While the South has succeeded in wooing auto assembly plants, the region needs to get better at attracting well-paying industry research jobs, experts said in Chattanooga on Thursday.
"I'd like for the Southeast to have the high-paying jobs that stay in other countries or go to Detroit," said Clark Midkiff of the University of Alabama's Center for Advanced Vehicle Technologies.
The effort to bolster research and development activities in the region came up often at the Southern Automotive Conference, which includes auto manufacturers from Tennessee, Alabama and Mississippi.
Midkiff said his university hasn't been able to take advantage of the close proximity of the Mercedes-Benz plant to boost research capabilities.
Dennis Cuneo, a well-known industry site selection consultant, said the region ought to coordinate trying to attract more R&D.
He suggested "a virtual organization" where the strengths of differing entities could offer those services as a package.
"The South has to step up its game in innovation," the former Toyota executive said.
Jay Baron, chief executive of the Center for Automotive Research in Ann Arbor, Mich., said his group is talking with some groups in the South about "an automotive research agenda."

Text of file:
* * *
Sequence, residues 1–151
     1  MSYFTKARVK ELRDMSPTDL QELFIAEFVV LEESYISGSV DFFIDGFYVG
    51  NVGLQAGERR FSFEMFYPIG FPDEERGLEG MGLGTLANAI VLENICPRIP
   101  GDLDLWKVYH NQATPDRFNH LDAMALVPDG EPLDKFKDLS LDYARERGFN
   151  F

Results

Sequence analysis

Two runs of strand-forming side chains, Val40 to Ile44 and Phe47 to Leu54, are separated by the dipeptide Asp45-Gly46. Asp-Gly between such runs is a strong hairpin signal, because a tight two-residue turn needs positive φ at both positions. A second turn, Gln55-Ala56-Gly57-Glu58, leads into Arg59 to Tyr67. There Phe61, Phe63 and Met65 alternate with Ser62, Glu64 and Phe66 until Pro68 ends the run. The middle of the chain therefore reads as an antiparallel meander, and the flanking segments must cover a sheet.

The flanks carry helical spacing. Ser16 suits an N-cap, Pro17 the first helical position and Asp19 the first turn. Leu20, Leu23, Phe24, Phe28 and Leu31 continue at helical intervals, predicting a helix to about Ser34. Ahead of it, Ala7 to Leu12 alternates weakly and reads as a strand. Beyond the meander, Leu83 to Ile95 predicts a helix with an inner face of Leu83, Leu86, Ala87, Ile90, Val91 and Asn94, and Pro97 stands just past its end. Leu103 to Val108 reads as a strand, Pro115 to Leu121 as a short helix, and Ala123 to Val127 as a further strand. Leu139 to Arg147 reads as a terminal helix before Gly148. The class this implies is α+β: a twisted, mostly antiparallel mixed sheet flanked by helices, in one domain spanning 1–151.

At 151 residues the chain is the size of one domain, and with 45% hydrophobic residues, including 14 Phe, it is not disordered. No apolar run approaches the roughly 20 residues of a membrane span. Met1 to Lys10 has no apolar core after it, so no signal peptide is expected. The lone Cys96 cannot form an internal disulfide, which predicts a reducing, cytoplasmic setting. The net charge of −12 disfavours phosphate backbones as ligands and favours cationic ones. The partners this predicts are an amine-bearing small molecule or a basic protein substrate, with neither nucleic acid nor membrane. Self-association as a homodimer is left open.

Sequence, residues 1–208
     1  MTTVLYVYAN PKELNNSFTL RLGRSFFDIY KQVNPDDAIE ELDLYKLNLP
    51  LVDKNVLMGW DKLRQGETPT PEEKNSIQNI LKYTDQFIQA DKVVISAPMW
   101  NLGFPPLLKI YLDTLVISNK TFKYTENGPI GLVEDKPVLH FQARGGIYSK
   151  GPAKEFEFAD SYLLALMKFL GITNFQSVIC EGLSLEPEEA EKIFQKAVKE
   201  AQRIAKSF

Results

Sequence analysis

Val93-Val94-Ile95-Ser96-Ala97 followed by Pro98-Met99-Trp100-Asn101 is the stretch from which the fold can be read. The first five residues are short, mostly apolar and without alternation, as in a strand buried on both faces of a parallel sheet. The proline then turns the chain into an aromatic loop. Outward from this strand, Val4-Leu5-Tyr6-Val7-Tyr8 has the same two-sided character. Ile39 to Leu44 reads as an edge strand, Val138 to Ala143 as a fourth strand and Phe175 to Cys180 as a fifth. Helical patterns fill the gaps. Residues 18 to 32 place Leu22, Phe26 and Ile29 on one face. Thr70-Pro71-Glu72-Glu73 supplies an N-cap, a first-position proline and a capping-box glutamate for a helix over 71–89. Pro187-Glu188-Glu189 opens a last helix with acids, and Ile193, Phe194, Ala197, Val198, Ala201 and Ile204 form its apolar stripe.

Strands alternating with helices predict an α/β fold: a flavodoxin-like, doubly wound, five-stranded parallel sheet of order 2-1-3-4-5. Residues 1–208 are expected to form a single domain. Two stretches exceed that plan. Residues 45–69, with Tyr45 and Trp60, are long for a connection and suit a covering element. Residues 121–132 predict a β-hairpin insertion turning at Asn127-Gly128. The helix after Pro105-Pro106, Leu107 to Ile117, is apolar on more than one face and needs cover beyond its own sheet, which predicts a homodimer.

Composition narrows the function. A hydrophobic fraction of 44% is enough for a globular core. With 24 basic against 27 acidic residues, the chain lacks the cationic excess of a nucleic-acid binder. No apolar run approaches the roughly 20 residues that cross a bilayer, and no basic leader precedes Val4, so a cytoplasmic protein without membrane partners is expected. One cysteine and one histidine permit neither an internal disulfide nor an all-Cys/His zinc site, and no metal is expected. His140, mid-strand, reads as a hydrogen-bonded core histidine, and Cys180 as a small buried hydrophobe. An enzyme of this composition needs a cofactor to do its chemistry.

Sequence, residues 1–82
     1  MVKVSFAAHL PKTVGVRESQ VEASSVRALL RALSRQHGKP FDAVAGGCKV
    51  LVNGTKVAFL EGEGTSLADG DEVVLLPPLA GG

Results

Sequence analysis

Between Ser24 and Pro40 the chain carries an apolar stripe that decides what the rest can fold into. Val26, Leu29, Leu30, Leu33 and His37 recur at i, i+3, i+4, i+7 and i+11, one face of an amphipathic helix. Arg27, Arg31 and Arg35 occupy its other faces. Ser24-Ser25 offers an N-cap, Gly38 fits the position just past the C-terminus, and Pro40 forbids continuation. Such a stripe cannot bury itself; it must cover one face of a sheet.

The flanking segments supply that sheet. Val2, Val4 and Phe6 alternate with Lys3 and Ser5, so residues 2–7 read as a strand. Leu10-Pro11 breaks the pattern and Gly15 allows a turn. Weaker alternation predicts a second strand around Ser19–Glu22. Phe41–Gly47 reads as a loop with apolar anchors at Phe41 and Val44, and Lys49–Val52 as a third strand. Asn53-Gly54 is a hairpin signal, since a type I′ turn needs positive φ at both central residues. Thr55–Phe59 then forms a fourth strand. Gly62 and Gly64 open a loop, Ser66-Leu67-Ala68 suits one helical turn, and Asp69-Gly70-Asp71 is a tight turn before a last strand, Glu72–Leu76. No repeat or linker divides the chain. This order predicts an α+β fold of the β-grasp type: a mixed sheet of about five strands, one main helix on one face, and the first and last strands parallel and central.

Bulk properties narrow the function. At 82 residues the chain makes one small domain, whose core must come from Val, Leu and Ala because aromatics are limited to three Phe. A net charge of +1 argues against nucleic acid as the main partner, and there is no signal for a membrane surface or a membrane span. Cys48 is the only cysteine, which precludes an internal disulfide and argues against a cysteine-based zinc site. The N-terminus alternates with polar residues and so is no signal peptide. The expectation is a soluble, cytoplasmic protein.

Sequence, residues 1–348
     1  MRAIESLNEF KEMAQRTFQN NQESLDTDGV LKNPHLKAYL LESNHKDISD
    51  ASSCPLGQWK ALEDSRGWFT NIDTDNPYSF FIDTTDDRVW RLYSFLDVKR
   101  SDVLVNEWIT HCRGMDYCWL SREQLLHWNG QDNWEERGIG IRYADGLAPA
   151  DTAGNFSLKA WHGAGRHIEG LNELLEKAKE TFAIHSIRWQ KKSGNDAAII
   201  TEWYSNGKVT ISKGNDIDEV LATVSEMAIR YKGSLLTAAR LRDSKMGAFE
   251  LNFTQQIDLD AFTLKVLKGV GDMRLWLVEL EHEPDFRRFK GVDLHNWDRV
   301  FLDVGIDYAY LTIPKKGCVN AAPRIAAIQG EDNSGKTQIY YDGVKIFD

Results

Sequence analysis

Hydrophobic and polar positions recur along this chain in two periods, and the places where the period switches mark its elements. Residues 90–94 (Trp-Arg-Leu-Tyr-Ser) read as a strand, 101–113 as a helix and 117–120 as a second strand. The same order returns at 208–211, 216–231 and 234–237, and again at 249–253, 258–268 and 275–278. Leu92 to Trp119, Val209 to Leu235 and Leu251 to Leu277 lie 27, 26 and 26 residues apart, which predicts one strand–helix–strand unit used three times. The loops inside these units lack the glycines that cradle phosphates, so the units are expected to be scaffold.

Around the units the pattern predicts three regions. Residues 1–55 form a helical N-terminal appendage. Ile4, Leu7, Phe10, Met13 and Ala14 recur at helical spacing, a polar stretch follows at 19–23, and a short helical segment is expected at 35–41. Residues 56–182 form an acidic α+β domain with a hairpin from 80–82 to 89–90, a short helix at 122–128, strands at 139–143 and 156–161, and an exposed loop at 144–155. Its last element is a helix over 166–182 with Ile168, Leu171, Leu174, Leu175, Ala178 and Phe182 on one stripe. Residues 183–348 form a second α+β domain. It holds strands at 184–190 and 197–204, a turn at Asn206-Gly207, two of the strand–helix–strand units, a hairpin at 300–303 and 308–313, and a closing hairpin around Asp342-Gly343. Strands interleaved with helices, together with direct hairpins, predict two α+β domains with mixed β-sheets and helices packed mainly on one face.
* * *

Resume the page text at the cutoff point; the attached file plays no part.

"The auto industry is clearly an innovation machine," he said.
Baron said that innovation and an enhanced supply chain are "the key for continued growth in the South."
Tennessee Gov. Bill Haslam said at the conference that Volkswagen wants to eventually add more production at its Chattanooga assembly plant.
"At some point in time, they'd like it to be in Chattanooga," he said.
Haslam, who addressed about 500 people at the two-day auto conference, said VW "loves the product being produced at the plant," citing the Passat midsize sedan.
Kim Korth, president of the automotive consulting firm IRN Inc., said she sees more assembly plants landing in the South and in Mexico over the next five to seven years. She also predicted that more suppliers will look at putting facilities in the Southeast and Southwest.
Concerning auto sales, Korth said that pent-up demand in the marketplace is real.
But, she said, some auto suppliers have indicated there may be softness in the fourth quarter of the year.
"It's not huge. Just a few concerns," Korth said.